Latest updates in global
14 August 2023
This week, the Global Immigration team at Smith Stone Walters would like to highlight the following recent updates from Brazil, Canada, Iceland, Italy, Japan, New Zealand and Panama.
Brazil: Visit visa requirements reinstated for some nationalities
The Brazilian government has decided to reinstate the visit visa requirement for citizens of Australia, Canada and the United States, as these countries have not granted Brazilian citizens reciprocal visa-free entry.
From 1 October 2023, citizens of these countries will again require a visit visa to enter Brazil. Those entering before 30 September 2023 will be exempt from the visit visa requirement even if they leave after 1 October 2023.
The Brazilian visit visa is valid for stays of up to 90 days for tourism, business or study.
Canada: Recognized Employer Pilot
Employment and Social Development Canada (ESDC) has launched a Recognized Employer Pilot (REP).
The REP is a three-year pilot enabling qualifying employers to benefit from Labour Market Impact Assessment (LMIA) validity periods of up to 36 months and access to a simplified LMIA application when hiring additional workers through the LMIA Online Portal.
To qualify, employer must have a minimum of three positive LMIAs for the same occupation over the past five years from the REP occupations list.
REP will be rolled out in two stages:
- Stage one begins in September 2023, when employers in the Primary Agriculture stream will be able to apply in time for the 2024 season.
- Stage two begins in January 2024 and opens intake to all other industry sectors.
Applications for both streams will be accepted until September 2024.
Employers who are expected to meet REP eligibility criteria will be proactively invited to apply using a dual-purpose LMIA application which differs from the regular LMIA. Employers can request that the application be used to apply for recognized status under REP and for the LMIA at the same time.
Canada / Iceland: New Youth Mobility arrangement
The governments of Canada and Iceland have announced the signing of a new Canada–Iceland Youth Mobility Arrangement.
Under this arrangement, which will be implemented in 2024, Canadian and Icelandic youth aged 18 to 30 will benefit from reciprocal work opportunities in each other’s country, for up to 12 months (renewable for an additional 12 months) through International Experience Canada (IEC) and the Icelandic equivalent.
International Experience Canada (IEC) is a reciprocal program that allows Canadian and international youth to work and travel in each other’s country. The program has three categories:
- Working Holiday participants receive an open work permit that allows them to work anywhere in the host country to support their travels.
- International Co-op (internship) participants receive an employer-specific work permit that allows students to gain targeted experience in their field of study.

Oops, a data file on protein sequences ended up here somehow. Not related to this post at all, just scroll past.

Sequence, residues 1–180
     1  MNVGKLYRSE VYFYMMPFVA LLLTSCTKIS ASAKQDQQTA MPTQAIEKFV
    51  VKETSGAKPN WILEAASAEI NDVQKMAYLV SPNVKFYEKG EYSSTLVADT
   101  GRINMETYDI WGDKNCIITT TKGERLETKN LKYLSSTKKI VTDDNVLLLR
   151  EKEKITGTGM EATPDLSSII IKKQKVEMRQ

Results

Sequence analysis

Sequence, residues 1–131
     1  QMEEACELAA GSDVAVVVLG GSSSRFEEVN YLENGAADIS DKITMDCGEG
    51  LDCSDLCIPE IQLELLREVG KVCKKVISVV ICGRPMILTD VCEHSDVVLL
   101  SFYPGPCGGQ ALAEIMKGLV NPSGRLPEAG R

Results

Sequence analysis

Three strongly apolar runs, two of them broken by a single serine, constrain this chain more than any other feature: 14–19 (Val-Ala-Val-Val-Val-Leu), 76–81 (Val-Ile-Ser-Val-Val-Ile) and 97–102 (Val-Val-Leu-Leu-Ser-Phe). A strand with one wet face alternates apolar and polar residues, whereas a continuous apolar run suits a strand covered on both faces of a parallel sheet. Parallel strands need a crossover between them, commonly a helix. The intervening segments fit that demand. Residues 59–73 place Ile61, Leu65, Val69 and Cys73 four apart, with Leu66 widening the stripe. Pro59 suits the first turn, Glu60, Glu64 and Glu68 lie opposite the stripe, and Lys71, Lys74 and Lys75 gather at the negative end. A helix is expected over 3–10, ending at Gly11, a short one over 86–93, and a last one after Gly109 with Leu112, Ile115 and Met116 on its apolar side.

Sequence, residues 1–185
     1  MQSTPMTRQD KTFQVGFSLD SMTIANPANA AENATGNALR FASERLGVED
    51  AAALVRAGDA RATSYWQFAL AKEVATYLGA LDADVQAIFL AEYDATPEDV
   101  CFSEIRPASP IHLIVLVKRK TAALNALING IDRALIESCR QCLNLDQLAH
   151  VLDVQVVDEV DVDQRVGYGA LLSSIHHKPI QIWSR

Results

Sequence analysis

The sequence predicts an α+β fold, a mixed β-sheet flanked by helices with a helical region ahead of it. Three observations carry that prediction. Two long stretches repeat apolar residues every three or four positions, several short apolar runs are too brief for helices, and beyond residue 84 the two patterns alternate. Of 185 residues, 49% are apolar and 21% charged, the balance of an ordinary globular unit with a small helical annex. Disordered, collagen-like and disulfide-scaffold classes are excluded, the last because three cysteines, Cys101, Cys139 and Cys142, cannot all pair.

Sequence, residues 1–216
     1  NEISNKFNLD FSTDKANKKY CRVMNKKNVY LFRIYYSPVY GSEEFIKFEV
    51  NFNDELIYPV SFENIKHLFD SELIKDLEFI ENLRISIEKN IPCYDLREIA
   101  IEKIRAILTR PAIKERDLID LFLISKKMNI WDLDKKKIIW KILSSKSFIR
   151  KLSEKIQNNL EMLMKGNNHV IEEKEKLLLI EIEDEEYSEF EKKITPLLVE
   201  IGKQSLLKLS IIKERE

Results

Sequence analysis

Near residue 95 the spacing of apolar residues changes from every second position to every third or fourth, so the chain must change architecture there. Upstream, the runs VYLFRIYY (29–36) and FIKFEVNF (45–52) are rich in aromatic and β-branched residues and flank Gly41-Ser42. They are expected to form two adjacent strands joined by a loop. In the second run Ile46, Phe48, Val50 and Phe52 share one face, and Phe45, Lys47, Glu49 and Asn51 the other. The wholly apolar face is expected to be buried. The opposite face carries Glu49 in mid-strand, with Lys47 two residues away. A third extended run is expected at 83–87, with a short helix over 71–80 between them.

- Young Professional participants receive an employer-specific work permit to gain targeted, professional work experience that is within their field of study or career path.
The arrangement between Canada and Iceland will allow up to 120 youth annually from each side to work and travel in each other’s country.
Canada has signed youth mobility agreements or arrangements with 38 countries and foreign territories.
Iceland: Longer permits and greater right to family reunification
Foreign nationals now have expanded right to family reunification and may be granted longer permits under amendments to the Foreign Nationals Act which have already taken effect.
The main changes to the different categories of permit are listed below:
Residence permits on the basis of employment:
- A residence permit for work requiring expert knowledge may now be granted for four years instead of two years;
- A residence permits for athletes may now be granted for two years instead of one year;
- A residence permit for specialised staff on the basis of a collaboration or service contract may now be granted for one year instead of six months;
- A residence permit due to a shortage of labour may now be renewed for two years instead of one year, and a foreign national who has held a residence permit on this basis is no longer required to spend two consecutive years abroad before being able to apply again;
- The holder of a residence permit on the basis of expert knowledge may now be granted a permit for one year, when an employment relationship is dissolved, so that he or she may seek employment on the basis of his or her expert knowledge;
- The holder of a residence permit due to shortage of labour may now be granted a residence permit for six months, when an employment relationship is dissolved, so that he or she can seek another job;
- A residence permit due to shortage of labour and a residence permit for specialised staff on the basis of a collaboration or service contract are now accompanied by the right to family reunification with spouses, children and parents over the age of 67.
Residence permits on the basis of studies and cultural exchanges:
- Doctoral students may now be present in Iceland when applying for a residence permit;
- A residence permit for a foreign national who has completed university studies in Iceland may now be renewed for up to three years from the date of graduation for the purpose of seeking employment in Iceland on the basis of his/her expert knowledge. Previously the duration was six months;
- A residence permit for students now comes with the right to family reunification with spouses, children and parents over the age of 67 for all students;
- A residence permit for students now comes with the right to work up to 22,5 hours per week (60% work) instead of 15 hours previously (40% work);
- A residence permit for au pair placement may now be renewed once for one year.
Residence permits on the basis of family reunification: